Please familiarise yourself with the information on risks related to the MiFID II regulation.

Following the publication of Statutory Instrument 2021 No. 744 by HM Treasury, from 24 July 2021 the requirements in MiFID II to provide information on costs and associated charges for Professional clients and eligible counterparties were removed.

Therefore, NAB London will no longer provide this information. If you would like to receive information on costs and associated charges, please contact

Systematic Internaliser Commercial Policy - NAB London

Execution Policy - NAB London

Please refer to our Best Execution Policy.

National Australia Bank Ltd RTS 28 Top 5 Execution Venues

Following the publication by the FCA on 30 November 2021 of Policy statement 21/20 (“Changes to UK MiFID’s conduct and organisational requirements”) the FCA removed the requirement for firms to complete the RTS 28 reporting obligation with effect from 1 December 2021.

Therefore, NAB London will no longer publish an RTS 28 report.

If you would like to receive a copy of the RTS 28 report for the year ending 2017, 2018, 2019 or 2020 please contact

NAB London Allocation Policy

Please refer to our Allocation Policy (PDF, 553KB)

Best Execution Reporting (RTS 27)

Following the publication by the FCA on 30 November 2021 of Policy statement 21/20 (“Changes to UK MiFID’s conduct and organisational requirements”) the FCA removed the requirement for firms to complete the RTS 27 best execution reporting obligation with effect from 1 December 2021.

Therefore, NAB London will no longer publish RTS 27 quarterly best execution reports.

If you would like to receive a copy of the quarterly RTS 27 reports for the periods 2018, 2019 and 2020 please contact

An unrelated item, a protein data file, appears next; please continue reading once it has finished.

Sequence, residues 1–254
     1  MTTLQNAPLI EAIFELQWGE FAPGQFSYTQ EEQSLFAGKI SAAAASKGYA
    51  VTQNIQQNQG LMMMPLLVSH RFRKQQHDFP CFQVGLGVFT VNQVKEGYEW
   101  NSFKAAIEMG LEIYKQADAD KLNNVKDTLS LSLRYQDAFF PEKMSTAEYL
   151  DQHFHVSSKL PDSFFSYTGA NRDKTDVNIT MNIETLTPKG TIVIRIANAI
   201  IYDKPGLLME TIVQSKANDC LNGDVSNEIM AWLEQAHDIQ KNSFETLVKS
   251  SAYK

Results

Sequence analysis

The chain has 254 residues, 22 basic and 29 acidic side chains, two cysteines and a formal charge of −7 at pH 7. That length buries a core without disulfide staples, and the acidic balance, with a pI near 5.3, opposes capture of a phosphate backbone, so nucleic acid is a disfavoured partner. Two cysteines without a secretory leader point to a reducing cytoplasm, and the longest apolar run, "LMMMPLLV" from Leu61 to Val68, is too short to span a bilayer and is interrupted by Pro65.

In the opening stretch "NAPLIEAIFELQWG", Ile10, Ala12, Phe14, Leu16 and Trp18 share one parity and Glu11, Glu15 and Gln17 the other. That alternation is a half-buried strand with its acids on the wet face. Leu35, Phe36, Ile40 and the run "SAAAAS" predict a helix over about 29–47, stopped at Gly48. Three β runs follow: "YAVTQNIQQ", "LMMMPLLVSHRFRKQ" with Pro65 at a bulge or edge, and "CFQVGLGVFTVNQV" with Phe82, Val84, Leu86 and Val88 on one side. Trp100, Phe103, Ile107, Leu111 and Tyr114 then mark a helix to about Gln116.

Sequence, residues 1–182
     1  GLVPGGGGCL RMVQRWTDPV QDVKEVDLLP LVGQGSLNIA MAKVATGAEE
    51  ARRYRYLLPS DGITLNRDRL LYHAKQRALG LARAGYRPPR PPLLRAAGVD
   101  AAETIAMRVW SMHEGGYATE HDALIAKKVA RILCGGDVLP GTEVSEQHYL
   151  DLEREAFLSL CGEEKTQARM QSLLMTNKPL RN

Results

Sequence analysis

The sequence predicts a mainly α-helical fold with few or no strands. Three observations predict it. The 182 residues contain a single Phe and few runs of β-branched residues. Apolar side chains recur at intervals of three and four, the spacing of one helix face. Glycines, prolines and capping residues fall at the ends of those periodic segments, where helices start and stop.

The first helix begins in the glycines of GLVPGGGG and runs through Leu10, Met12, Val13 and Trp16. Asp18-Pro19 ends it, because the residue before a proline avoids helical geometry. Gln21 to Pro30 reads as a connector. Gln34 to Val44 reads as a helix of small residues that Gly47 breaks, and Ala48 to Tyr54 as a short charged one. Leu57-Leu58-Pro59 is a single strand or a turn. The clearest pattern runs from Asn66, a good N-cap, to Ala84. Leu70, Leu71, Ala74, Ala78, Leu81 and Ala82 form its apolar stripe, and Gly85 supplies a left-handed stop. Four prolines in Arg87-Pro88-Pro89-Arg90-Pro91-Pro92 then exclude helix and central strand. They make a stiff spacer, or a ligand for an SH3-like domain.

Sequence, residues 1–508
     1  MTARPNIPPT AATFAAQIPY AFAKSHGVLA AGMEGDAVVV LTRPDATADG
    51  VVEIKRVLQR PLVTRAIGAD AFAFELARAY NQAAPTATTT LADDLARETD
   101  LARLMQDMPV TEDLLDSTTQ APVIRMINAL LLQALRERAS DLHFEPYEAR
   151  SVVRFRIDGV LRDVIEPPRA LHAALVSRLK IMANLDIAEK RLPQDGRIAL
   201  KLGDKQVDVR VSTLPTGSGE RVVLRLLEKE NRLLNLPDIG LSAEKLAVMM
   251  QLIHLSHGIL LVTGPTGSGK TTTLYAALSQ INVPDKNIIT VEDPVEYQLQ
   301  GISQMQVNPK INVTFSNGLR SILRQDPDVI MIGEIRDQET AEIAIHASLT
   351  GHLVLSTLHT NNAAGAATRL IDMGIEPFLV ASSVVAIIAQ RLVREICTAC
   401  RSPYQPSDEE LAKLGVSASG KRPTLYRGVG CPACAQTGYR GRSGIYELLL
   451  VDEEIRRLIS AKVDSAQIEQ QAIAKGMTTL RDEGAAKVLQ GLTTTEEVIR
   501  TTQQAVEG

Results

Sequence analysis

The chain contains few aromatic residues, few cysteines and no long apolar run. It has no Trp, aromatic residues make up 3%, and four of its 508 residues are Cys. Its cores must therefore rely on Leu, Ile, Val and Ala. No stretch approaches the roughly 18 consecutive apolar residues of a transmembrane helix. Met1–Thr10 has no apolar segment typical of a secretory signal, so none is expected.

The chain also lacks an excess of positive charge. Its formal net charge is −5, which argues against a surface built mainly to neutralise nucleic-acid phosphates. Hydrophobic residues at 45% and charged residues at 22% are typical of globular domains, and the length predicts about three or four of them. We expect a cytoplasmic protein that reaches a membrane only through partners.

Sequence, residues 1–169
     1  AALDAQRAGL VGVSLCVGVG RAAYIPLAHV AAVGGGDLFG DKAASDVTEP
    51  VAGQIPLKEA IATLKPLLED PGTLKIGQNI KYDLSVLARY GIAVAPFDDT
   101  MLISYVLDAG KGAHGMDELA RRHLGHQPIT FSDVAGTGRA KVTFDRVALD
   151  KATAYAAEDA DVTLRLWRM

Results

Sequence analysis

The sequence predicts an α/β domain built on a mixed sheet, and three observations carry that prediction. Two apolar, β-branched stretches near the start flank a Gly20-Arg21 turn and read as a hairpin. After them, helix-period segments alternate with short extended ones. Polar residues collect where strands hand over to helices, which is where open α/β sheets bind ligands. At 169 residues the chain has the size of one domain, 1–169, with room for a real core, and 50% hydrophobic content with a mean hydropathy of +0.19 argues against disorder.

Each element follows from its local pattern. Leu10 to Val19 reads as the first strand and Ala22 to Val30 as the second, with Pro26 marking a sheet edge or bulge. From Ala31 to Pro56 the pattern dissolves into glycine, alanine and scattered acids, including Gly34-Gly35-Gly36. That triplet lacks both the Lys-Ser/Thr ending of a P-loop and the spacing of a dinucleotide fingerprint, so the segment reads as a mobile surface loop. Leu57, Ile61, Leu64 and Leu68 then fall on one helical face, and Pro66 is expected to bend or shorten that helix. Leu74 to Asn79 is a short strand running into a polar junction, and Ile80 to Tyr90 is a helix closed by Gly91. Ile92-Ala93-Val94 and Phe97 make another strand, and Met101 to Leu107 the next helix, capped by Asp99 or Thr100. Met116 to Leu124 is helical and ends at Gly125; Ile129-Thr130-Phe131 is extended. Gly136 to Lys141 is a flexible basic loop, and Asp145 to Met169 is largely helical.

Placement and Underwriting information for issuer clients

Benchmark regulation

The Benchmark Regulation EU 2016/1011 of the European Parliament and of the Council dated 8 June 2016 (EU BMR), was introduced due to concerns about the accuracy and integrity of indices used as benchmarks in financial markets. The BMR builds upon the global standards set out in principles published by the International Organisation of Securities Commissions (IOSCO) known as the “Principles for Financial Benchmarks” and imposes certain requirements on firms that provide, contribute to or use benchmarks in the European Union (EU) as defined in the EU BMR.

Following the end of the Brexit transition period on 31 December 2020, the UK ceased to be a member of the EU. A body of retained EU law has been created in the UK which is based on the EU law that applied to the UK prior to this date.

“UK BMR” means EU BMR as it forms part of retained EU law as defined in the European Union (Withdrawal) Act 2018 (as amended).

Similar to EU BMR, UK BMR contains transitional arrangements for third-country (non-UK) benchmark administrators, allowing such administrators to apply for recognition or enforcement from the UK’s financial conduct authority (FCA) prior to a specific date.

Third-country benchmark administrators will need to be authorised under the UK’s recognition or endorsement regime by 31 December 2022, unless an equivalence declaration is given by the UK in respect to them prior to such date. The UK Government has announced that it intends to extend this deadline to 31 December 2025. As a result, third-country administrators who want to continue using their benchmarks in the UK after 31 December 2025, must apply to the FCA for approval via equivalence, recognition or endorsement before this date.

The FCA has developed a UK Benchmarks Register, replacing the ESMA Register for UK supervised users, and UK and third country-based benchmark administrators that want their benchmarks to be used in the UK.